A 17-month study conducted in 12 long-term care facilities in Ontario, Canada, concluded that multi-discipliary teams using telemedicine were more cost-effective in treating pressure ulcers than those using standard treatment methods.
According to a press release, a key figure in this study was an advance practical nurse (APN) who visited each of the sites and educated the staff on pressure ulcer prevention and treatment, supported by an off-site, hospital-based multidisciplinary wound care team via email, telephone or video link as needed.
Participants in the study were 137 residents with a total of 259 pressure ulcers at stage 2 or greater.
After evaluating costs and clinical outcomes, the study authors concluded: "The economic evaluation demonstrated a mean reduction in direct care costs of $650 per resident compared to 'usual care.' The qualitative study suggested that onsite support by APN wound specialists was welcomed, and is responsible for reduced costs through discontinuation of expensive non-evidence based treatments."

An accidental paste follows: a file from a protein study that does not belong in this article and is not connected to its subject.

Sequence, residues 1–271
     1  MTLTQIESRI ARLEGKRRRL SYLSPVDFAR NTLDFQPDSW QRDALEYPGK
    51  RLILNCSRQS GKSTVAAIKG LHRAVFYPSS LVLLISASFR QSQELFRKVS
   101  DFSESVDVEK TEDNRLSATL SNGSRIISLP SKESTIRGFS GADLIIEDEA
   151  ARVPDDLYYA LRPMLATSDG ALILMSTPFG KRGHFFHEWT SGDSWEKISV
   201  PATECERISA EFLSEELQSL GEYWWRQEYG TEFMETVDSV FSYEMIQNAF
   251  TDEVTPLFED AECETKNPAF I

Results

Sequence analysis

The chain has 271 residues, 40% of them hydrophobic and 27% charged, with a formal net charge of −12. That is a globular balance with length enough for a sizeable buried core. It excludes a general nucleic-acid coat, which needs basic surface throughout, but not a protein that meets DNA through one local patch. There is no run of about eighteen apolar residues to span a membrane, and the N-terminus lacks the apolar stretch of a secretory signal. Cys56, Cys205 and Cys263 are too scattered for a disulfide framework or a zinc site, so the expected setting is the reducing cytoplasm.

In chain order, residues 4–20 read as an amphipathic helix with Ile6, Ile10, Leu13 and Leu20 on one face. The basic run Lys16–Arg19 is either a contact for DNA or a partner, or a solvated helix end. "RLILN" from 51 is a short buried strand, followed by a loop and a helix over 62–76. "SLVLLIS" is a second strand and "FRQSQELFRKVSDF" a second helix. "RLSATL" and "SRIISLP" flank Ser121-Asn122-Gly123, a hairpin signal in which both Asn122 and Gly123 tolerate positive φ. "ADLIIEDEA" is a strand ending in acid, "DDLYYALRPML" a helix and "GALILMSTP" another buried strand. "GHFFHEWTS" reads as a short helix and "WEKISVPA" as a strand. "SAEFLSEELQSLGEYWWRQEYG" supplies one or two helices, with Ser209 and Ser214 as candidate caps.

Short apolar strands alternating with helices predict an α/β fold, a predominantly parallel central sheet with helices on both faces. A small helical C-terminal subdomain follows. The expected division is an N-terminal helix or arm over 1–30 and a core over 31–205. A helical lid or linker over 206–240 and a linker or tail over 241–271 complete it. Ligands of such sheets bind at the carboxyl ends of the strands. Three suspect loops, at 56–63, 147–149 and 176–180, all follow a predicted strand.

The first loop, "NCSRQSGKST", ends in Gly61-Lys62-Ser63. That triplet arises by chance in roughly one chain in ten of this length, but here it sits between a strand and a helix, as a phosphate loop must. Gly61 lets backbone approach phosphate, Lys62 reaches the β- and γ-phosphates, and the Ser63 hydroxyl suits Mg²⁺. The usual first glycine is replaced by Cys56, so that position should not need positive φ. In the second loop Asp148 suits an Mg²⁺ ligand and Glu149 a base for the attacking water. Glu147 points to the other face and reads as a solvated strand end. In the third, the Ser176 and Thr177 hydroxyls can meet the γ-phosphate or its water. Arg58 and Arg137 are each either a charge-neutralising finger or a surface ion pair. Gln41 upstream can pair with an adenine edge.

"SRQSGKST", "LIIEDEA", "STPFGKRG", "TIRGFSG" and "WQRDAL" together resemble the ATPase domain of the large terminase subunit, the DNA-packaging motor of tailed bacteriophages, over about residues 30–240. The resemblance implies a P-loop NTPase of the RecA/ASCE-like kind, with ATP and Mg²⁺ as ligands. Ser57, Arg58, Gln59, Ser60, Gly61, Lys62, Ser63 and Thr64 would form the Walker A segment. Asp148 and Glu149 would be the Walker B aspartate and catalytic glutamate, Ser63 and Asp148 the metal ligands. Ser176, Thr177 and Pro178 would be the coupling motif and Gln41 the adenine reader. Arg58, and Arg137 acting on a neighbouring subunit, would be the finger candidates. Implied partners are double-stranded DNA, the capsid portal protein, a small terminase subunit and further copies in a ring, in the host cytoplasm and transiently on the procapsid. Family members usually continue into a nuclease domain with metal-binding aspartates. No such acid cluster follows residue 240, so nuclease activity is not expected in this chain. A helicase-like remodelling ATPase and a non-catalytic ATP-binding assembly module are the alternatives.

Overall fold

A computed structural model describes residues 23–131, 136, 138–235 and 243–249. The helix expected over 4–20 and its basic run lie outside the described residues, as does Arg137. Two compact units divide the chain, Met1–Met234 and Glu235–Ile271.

However, the the use of telemedice-based teams did not seem to have a positive effect on pressure ulcer outcomes. "Enhanced multi-disciplinary wound care teams were cost effective, with most benefit through cost reduction initiated by APNs, but did not improve the treatment of pressure ulcers in nursing homes. Insufficient allocation of nursing home staff time to wound care may explain the lack of impact on healing," the authors concluded.